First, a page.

Welcome to Poetry Month 2018 at No Water River!
Please take a moment to peruse the how-to below, and then dive in! Happy writing — and thank you for helping to build our collection(s)!
Remember: The Community Collections are open indefinitely, so you can visit each post at your leisure to add your poem!
is the author of 366 books that run the gamut from picture books to poetry to novels, from nonfiction to science fiction to fantasy and beyond. Please welcome the writer and poet who has been hailed as the Hans Christian Andersen of America …
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The four subjects poets love to write about most are love, death, nature, and writing a poem. But we disguise it as something else. In this poem I use a play in three acts as a way to explain how nature affects me.
Your challenge is to write a performance poem in three acts about something that is your favorite subject.
COMMUNITY COLLECTION 25: PERFORMANCE POEMS
POST YOUR POEMS AND PROSE HERE!
1. Click the pink + circle on the bottom right.
2. Type in your title and copy in your poem
3. Don’t forget to include your name/copyright (e.g., (c) 2018 Gladys Poet)!
4. To make it stick, click on the background pic OUTSIDE the white area of your post.
5. Use the tools on the bottom of your post to easily upload images.
6. Scroll to read and comment on others’ work!
If you have any trouble posting your poem, you may email it to me at email@example.com and I will post it for you!
Jane Yolen has been an editor, college teacher, storyteller on stage, and has published (as of March 6, 2018) 366 books, which means you could read a book of hers a day for a year — even if it’s a leap year. She has won many awards and medals for her writing. Six colleges and universities have given her honorary doctorates for her body of work. One of her awards (she warns) set her good Scottish wool coat on fire.
(additional info from Jewish Women’s Archive): Yolen’s books include children’s books, fantasy, science fiction, realistic fiction, mysteries, animal tales, historical fiction, humorous stories, songs, poetry and even informational books on such subjects as kites, Shakers, the Quakers, and the environment, but she is particularly well known for her command of fantasy, folklore and myth. A noted storyteller in the oral tradition, she was a founding member of the Western New England Storytellers Guild, has been a frequent reviewer of children’s literature, was for a time an editor with her own imprint and is a discerning and prolific anthologist.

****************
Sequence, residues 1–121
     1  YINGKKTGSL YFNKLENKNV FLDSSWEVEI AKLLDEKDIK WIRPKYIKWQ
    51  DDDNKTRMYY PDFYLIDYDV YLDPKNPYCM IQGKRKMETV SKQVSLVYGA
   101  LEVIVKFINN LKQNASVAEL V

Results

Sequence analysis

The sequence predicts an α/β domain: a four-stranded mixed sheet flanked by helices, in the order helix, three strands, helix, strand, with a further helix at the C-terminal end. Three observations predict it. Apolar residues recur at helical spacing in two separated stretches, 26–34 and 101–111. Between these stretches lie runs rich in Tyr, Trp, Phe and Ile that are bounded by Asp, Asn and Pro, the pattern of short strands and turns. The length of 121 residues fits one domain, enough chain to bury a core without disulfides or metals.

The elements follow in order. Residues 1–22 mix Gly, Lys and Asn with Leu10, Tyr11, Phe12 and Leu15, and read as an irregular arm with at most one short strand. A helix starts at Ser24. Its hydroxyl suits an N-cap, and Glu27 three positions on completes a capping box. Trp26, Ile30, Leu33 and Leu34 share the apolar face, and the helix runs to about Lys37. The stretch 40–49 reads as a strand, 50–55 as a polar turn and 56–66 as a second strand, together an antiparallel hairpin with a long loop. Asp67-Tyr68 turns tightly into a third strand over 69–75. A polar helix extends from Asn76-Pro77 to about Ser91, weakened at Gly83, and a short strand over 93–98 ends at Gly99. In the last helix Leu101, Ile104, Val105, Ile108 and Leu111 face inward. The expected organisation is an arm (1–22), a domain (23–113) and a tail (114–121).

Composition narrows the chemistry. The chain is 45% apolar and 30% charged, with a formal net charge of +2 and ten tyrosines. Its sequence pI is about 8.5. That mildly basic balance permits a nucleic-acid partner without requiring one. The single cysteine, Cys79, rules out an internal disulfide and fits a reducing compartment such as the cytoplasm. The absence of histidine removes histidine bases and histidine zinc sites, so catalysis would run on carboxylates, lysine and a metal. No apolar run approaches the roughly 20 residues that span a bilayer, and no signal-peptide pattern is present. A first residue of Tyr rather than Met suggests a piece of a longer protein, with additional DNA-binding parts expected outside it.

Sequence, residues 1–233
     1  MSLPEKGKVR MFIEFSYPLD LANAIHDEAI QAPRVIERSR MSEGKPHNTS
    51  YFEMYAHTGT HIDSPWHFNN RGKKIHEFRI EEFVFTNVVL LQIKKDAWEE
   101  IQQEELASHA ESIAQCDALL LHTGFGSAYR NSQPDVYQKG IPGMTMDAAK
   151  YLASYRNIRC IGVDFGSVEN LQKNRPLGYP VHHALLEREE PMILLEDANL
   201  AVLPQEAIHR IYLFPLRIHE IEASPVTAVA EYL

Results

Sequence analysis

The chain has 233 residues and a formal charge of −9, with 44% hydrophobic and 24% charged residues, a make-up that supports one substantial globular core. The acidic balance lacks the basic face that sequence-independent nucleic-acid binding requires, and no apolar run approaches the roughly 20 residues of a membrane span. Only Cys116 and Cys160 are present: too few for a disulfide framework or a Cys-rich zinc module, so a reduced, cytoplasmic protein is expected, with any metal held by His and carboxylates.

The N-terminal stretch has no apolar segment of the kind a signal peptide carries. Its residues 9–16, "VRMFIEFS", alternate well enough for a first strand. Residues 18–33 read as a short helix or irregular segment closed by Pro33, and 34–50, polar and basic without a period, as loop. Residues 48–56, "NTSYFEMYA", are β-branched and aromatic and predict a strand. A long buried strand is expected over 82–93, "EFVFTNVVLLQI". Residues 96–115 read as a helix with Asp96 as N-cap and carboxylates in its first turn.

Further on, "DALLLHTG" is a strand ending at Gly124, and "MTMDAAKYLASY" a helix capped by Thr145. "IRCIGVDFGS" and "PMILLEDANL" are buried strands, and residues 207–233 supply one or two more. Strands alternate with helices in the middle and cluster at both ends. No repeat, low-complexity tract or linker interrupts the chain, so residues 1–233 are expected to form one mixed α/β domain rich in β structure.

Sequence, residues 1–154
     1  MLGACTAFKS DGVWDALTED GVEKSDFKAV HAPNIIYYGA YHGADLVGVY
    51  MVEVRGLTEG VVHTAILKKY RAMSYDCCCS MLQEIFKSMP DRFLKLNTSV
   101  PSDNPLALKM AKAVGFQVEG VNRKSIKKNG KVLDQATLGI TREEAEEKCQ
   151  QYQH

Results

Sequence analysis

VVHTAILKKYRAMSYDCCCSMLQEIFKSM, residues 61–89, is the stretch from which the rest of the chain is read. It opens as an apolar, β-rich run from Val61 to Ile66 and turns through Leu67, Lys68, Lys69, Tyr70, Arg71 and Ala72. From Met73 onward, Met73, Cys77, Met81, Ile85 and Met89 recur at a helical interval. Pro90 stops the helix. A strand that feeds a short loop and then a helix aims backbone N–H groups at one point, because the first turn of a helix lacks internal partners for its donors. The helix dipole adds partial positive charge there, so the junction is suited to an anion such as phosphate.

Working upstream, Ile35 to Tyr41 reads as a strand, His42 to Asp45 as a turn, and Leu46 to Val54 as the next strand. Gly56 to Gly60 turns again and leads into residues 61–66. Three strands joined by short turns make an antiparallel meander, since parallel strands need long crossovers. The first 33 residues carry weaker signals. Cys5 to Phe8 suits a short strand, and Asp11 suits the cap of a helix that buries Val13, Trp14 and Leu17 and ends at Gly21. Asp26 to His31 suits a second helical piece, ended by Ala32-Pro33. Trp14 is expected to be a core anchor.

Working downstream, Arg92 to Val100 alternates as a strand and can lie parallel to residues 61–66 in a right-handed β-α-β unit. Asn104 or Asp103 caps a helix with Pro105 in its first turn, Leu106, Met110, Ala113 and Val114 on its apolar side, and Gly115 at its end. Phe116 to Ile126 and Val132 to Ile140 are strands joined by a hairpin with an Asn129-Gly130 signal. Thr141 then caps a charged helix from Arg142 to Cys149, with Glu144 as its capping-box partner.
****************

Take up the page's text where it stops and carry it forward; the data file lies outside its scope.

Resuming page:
Yolen, who has been called the Hans Christian Andersen of America and the Aesop of the twentieth century, received a B.A. from Smith College in 1960 and in 1976 an M.Ed. from the University of Massachusetts, where she also completed course work for a doctorate in children’s literature. She has received the Daedelus Award and the Catholic Library Association’s Regina Medal, and her books have won two Caldecott Medals, two Nebula Awards from the Science Fiction and Fantasy Writers of America, two Christopher Medals, and the Golden Kite Award from the Society of Children’s Book Writers and Illustrators. She has honorary doctorates from Smith College, Keene State College, and the College of Our Lady of the Elms. The former president of the Science Fiction and Fantasy Writers of America, Yolen has served on the board of directors for the Society of Children’s Book Writers and Illustrators for more than 25 years. She divides her time between homes in Hatfield, Massachusetts, and Scotland.
Discover more about the author and her books at www.JaneYolen.com.
MAPPING THE BONES
Influenced by Dr. Mengele’s sadistic experimentations, this story follows twins as they travel from the Lodz ghetto, to the partisans in the forest, to a horrific concentration camp where they lose everything but each other.
It’s 1942 in Poland, and the world is coming to pieces. At least that’s how it seems to Chaim and Gittel, twins whose lives feel like a fairy tale torn apart, with evil witches, forbidden forests, and dangerous ovens looming on the horizon. But in all darkness there is light, and the twins find it through Chaim’s poetry and the love they have for each other. Like the bright flame of a Yahrzeit candle, his words become a beacon of memory so that the children and grandchildren of survivors will never forget the atrocities that happened during the Holocaust.